[RE: "Letters, "History Lessons," Nov. 17-23] As a volunteer at the Indian Pueblo Cultural Center, I regret that Conchita Lucero and her league minimize the Pueblo people's suffering at the hands of many Spanish settlers. She is right in saying that Spain had the least oppressive colonial policy among the European powers. Unfavorable comparisons with Anglo colonizers, however, do not absolve men like Oñate. (Citing my pacifistic Quaker ancestors would be equally meaningless.)

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EVENT HORIZON ()

Seas the Day

Pirate Adventure Corn Maze and Pumpkin Patch in Corrales

Enjoy 2.6 miles of trail through a corn maze, pumpkin patch picking, petting zoo, picnic area and barrel train rides. Keep a look out for the pirates.
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Have You Met Ted?

TEDxABQ Two-Day Event

An exploration of emerging ideas from New Mexicans focused on the community.
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EVENT HORIZON ()

Gimme Shelter

Build Your Refuge Day

Help build the first trail on the refuge, voice ideas for education and interpretation programs and help the design of the visitor center. Also enjoy kids' activities, tours, food trucks, music and augas frescas.
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EVENT HORIZON ()

Reefer in Reality

The Medicine in Marijuana Film Screening

The biggest thorns in the paw of medical cannabis are the lack of research available on the subject and the vast amount of misinformation bandied about by both its friends and foes. Using a National Academy of Sciences report as a starting point, Ben Daitz and Ned Judge present The Medicine in Marijuana, a documentary that tells the stories of cannabis patients and practitioners. For one time only, meet the cast and crew in person at the Guild Cinema, this Saturday, Sept. 29, at 1pm for a showing of the film and Q&A. Tickets are $7 at the door.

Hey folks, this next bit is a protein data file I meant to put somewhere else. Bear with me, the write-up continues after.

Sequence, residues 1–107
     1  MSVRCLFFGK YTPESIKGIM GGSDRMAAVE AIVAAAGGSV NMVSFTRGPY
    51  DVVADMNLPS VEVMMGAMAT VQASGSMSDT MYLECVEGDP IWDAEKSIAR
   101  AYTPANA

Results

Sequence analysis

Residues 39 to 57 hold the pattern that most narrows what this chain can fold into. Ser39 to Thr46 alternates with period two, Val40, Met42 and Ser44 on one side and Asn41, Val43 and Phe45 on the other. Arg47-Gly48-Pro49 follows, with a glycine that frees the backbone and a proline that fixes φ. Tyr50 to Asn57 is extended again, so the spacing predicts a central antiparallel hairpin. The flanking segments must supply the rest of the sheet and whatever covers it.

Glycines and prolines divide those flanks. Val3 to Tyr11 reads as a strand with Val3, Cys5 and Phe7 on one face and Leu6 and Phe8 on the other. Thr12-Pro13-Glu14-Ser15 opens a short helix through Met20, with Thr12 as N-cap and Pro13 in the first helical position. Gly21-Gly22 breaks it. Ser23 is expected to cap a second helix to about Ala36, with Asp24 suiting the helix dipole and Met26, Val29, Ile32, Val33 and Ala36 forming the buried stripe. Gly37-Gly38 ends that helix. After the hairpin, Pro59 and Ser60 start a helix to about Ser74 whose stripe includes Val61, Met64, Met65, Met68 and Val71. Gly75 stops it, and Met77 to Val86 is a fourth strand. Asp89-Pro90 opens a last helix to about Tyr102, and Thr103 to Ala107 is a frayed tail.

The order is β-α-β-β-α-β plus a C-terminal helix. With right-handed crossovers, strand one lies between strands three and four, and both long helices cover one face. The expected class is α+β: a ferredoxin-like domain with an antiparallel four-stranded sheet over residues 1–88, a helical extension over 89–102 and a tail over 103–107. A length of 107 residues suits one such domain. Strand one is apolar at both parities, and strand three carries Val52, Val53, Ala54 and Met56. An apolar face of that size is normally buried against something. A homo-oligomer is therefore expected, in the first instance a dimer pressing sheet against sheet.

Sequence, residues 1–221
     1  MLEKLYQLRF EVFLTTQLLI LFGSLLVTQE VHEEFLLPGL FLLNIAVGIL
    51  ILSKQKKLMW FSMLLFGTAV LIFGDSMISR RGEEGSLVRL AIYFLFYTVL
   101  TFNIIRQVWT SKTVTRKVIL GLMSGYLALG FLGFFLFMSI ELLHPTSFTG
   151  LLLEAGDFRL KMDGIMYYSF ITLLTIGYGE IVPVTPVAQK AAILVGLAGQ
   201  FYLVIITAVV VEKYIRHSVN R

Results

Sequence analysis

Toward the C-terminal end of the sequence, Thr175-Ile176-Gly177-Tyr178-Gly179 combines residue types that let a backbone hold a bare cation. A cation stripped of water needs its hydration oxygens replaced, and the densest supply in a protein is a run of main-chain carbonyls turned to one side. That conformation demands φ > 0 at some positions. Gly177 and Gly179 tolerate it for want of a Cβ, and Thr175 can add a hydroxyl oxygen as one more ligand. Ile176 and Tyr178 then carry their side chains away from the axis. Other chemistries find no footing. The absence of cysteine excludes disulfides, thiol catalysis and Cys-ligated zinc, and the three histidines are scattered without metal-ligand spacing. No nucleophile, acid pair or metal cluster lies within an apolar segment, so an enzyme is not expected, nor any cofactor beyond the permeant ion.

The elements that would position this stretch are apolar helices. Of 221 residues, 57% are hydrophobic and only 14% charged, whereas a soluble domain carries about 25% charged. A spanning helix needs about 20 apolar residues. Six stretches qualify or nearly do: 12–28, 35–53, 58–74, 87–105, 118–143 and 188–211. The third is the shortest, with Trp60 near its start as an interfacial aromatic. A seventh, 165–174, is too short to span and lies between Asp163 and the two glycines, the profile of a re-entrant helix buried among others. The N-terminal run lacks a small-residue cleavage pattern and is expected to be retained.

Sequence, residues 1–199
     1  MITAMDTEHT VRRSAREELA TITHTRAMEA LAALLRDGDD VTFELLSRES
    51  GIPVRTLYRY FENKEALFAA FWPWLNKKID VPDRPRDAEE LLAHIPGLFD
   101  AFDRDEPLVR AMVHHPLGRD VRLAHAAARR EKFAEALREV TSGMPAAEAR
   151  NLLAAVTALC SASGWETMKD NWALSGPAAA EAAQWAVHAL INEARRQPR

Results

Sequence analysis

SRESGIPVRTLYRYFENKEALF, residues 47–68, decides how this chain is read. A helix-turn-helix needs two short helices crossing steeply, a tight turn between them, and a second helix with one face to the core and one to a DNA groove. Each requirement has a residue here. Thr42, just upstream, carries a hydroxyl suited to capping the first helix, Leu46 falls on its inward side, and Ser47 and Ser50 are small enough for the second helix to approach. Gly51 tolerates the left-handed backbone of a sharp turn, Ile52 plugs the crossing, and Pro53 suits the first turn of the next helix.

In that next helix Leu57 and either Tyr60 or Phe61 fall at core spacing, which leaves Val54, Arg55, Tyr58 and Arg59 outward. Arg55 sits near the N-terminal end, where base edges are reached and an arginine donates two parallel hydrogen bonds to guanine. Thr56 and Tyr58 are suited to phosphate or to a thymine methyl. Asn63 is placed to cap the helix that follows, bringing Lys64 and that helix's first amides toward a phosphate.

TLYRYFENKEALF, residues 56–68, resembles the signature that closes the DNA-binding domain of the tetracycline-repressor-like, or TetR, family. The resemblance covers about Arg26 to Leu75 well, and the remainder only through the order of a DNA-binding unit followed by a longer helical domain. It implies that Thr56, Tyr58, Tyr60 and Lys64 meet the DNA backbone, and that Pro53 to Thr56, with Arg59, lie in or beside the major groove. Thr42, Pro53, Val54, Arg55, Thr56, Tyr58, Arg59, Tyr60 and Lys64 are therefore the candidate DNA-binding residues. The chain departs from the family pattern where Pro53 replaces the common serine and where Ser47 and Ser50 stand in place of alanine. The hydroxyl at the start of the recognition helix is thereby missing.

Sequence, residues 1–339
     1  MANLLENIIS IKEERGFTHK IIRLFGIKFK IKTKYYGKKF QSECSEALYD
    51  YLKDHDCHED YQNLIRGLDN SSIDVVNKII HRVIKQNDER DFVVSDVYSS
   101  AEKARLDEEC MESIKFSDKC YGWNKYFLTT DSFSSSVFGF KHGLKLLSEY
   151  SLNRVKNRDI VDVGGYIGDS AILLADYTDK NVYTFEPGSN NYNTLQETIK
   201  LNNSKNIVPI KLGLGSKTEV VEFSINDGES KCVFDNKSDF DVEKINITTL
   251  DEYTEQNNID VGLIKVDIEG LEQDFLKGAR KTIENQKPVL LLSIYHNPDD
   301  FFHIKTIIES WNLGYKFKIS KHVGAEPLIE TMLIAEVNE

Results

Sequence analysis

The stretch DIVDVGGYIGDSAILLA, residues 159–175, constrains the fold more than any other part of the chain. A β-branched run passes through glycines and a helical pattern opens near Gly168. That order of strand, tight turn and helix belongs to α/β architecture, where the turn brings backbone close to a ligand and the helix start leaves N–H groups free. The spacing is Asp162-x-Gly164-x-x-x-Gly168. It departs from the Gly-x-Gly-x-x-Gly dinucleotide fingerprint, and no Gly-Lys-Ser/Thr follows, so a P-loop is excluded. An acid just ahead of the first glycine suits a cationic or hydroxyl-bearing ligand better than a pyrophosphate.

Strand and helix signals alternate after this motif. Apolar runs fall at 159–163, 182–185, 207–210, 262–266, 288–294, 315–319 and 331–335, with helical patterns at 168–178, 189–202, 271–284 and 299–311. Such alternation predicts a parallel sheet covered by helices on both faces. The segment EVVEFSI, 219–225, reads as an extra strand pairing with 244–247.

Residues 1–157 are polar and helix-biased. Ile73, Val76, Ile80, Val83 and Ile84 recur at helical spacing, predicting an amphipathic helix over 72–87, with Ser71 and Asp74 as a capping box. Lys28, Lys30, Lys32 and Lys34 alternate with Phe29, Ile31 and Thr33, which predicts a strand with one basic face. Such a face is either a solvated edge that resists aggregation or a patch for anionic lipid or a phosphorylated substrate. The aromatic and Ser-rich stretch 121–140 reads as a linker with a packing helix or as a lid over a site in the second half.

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Image via Pixabay

EVENT HORIZON ()

A Consensual Cuddle Puddle

The Cuddle Revolution

This is a completely platonic experience for adults only. Please arrive on time. Use a series of exercises to practice consensual and safe touch, as well as authentic connection.
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EVENT HORIZON ()

Ragin' Like the Pagans

Pagan Pride Festival

It's fall again and time for the 18th Annual Pagan Pride Day Festival. Through education, activism, charity and community a better understanding of Paganism can be part of the higher consciousness. For the price of a canned food item, bag of rice or sack of beans you can enjoy a day filled with activities and entertainment at beautiful Bataan Park at Lomas and Carlisle. The food donations given help to feed families across Albuquerque. All food collected is donated to the First Unitarian Church food pantry. The day's activities include vendors, kids' corner, artisan gallery, workshops, live entertainment and more. Come out to see special musical guest star, Wendy Rule. Pagan Pride day takes place on Sunday, Sept. 30 from 9am to 5pm. This is an all-day event so bring a picnic basket, but if that isn't enough to satiate the hunger, check out local food trucks, with vegan and vegetarian options provided by Street Food Institute.